The following recipes will produce a mousse and panna cotta that’s firm enough to hold a mold. If you are serving in glasses, you can slightly reduce the gelatin, if desired. The entire recipe can be made a day ahead of time and refrigerated.

Mixed Berry Mousse


  • 3 cups fresh Mixed Berries (Strawberries, Raspberries, Blueberries…)
  • 1/4 cup Sugar
  • 1 cup Heavy Cream
  • 1/2 cup Orange Juice
  • 1 packet Knox Unflavored Gelatin (about 2 3/4 tsp)


In a small saucepan, add the orange juice. Sprinkle the gelatin onto the liquid and let it sit while you prepare the puree and whipped cream. (Do not heat the mixture at this time. Allowing the gelatin to bloom in the cool liquid for a few minutes helps to ensure a smooth result.)

With a blender, food processor, or immersion blender, puree the berries with the sugar until smooth. If desired, strain the berry puree to remove the seeds. Set aside.

Prepare the whipped cream by pouring 1 cup Heavy Cream into a bowl and whipping with a whisk until it is fluffy and just begins to hold a firm peak. Be careful not to whip it into a butter. If desired, you can use an electric mixer to whip the cream. Set aside.

Whipped Cream Tip – Place your metal bowl and the whisk in the freezer for a few minutes prior to beating the cream. Place the metal bowl over an ice water bath while you whisk.

Over medium-low heat, bring the orange juice-gelatin mixture to a simmer. Simmer and stir for a minute or two until the gelatin is completely dissolved.

Add the orange juice-gelatin mixture to the fruit puree. Stir to combine.

Add about 1/4 of the whipped cream mixture to the fruit puree. Fold it into the puree until it is well combined. This step will help to lighten the puree for the addition of the remaining whipped cream.

Add the remaining whipped cream and fold it in until blended. Do not over-mix the puree and the whipped cream. The key is to keep the mixture light and fluffy.  Over-mixing will result in losing the air bubbles which make the mousse fluffy.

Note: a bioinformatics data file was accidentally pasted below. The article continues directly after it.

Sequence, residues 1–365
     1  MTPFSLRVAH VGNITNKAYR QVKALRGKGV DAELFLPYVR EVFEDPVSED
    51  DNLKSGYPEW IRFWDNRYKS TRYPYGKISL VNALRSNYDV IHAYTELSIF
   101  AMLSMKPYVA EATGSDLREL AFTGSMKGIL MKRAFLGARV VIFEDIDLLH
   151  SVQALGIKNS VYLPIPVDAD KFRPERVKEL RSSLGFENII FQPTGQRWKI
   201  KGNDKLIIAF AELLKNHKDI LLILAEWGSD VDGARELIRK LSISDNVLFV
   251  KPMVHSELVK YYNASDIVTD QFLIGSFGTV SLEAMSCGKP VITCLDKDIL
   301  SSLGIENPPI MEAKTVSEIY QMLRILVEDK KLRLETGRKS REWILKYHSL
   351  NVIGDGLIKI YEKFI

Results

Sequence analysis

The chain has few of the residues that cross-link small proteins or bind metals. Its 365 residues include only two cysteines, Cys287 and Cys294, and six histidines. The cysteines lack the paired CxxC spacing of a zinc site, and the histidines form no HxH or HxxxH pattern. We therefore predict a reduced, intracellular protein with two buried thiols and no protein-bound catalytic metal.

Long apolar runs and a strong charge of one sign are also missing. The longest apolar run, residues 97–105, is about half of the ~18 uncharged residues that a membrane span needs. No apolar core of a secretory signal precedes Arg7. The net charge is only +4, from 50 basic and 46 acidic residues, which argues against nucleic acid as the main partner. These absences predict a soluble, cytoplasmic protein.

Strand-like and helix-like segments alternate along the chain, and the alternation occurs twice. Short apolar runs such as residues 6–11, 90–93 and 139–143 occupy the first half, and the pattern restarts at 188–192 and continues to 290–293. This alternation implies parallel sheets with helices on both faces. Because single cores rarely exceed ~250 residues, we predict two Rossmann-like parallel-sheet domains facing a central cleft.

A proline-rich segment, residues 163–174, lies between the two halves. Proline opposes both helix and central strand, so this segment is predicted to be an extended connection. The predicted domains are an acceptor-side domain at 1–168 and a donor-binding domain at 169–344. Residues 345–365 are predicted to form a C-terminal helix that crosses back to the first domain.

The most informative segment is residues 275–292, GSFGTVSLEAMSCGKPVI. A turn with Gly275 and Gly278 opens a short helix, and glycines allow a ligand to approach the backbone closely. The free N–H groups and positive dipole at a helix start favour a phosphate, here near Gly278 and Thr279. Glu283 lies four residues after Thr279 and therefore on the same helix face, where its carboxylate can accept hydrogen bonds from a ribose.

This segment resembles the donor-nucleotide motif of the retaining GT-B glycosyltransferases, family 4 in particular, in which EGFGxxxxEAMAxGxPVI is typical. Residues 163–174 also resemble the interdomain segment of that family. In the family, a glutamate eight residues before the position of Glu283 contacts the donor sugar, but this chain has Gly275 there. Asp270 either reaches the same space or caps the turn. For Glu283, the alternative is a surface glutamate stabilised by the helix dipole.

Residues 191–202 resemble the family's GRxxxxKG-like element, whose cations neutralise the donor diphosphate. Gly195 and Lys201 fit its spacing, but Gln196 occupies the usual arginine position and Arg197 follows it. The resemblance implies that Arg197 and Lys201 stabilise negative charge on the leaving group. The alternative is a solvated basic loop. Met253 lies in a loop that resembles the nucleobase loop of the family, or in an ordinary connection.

Once blended, pour or spoon the mousse into your serving cups or molds. If using molds, spray the inside with a bit of cooking spray before filling with mousse. This will make it easier to remove the molded mousse. Refrigerate for at least 2 hours, until set.

Once the mousse is mostly set, you can begin making the panna cotta.

Vanilla Bean Panna Cotta


  • 1 1/4 cup Heavy Cream
  • 1/4 cup Milk
  • 1  1/4 tsp Unflavored Gelatin
  • 1/4 cup Sugar
  • 1 Vanilla Bean


Sprinkle the gelatin on the milk and allow it to sit.

In a sauce pan, combine the cream and sugar. Slit the vanilla bean in half lengthwise. Use a paring knife to scrape out the seeds. Place the seeds and bean in the cream. Over low heat, slowly bring the cream to a gentle simmer, while whisking to dissolve sugar.

Add the milk with gelatin to the simmering cream. Whisk to combine. Continue to simmer for a few minutes until the gelatin has completely dissolved.

Place a bowl in an ice water bath. Pour the hot cream through a fine strainer or sieve into the bowl to remove any chunks of undissolved gelatin. Whisk the cream for a minute or two. Then, remove the bowl from the ice bath and set aside until completely cool.

Once cool, spoon a layer of panna cotta on top of the berry mousse in your molds or serving glasses. Refrigerate until set, about 2 hours.

(Makes about 6-8 individual desserts)

A few tips for removing the mousse and panna cotta from a mold:

  • Wet the tip of a knife under warm water and run it along the edges to loosen it.
  • Sit the mold in a warm water bath for a minute or so before removing.
  • Place your serving plate on top of the mold. Then turn it upside down and give the mold a firm whack.